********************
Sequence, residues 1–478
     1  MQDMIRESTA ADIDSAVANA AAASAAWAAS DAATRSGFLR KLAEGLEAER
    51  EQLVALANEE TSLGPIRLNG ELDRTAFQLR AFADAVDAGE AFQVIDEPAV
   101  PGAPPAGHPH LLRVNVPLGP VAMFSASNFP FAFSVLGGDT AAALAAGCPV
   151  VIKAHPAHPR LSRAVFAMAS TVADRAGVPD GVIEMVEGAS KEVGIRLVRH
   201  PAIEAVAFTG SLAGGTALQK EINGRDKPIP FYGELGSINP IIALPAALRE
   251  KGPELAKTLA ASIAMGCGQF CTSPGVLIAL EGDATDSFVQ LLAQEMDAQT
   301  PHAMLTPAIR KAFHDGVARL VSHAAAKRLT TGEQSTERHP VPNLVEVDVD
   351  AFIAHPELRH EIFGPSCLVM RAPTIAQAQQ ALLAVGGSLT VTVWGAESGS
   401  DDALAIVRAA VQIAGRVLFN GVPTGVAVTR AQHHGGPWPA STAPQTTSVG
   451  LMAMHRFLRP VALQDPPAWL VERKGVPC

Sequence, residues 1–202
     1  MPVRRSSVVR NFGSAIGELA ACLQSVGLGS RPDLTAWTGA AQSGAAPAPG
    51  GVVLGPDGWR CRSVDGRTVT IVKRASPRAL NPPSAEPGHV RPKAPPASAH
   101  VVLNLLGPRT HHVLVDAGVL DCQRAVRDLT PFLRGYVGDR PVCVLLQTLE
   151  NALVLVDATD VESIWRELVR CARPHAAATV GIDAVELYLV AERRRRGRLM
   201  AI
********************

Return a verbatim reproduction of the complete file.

Sequence, residues 1–478
     1  MQDMIRESTA ADIDSAVANA AAASAAWAAS DAATRSGFLR KLAEGLEAER
    51  EQLVALANEE TSLGPIRLNG ELDRTAFQLR AFADAVDAGE AFQVIDEPAV
   101  PGAPPAGHPH LLRVNVPLGP VAMFSASNFP FAFSVLGGDT AAALAAGCPV
   151  VIKAHPAHPR LSRAVFAMAS TVADRAGVPD GVIEMVEGAS KEVGIRLVRH
   201  PAIEAVAFTG SLAGGTALQK EINGRDKPIP FYGELGSINP IIALPAALRE
   251  KGPELAKTLA ASIAMGCGQF CTSPGVLIAL EGDATDSFVQ LLAQEMDAQT
   301  PHAMLTPAIR KAFHDGVARL VSHAAAKRLT TGEQSTERHP VPNLVEVDVD
   351  AFIAHPELRH EIFGPSCLVM RAPTIAQAQQ ALLAVGGSLT VTVWGAESGS
   401  DDALAIVRAA VQIAGRVLFN GVPTGVAVTR AQHHGGPWPA STAPQTTSVG
   451  LMAMHRFLRP VALQDPPAWL VERKGVPC

Sequence, residues 1–202
     1  MPVRRSSVVR NFGSAIGELA ACLQSVGLGS RPDLTAWTGA AQSGAAPAPG
    51  GVVLGPDGWR CRSVDGRTVT IVKRASPRAL NPPSAEPGHV RPKAPPASAH
   101  VVLNLLGPRT HHVLVDAGVL DCQRAVRDLT PFLRGYVGDR PVCVLLQTLE
   151  NALVLVDATD VESIWRELVR CARPHAAATV GIDAVELYLV AERRRRGRLM
   201  AI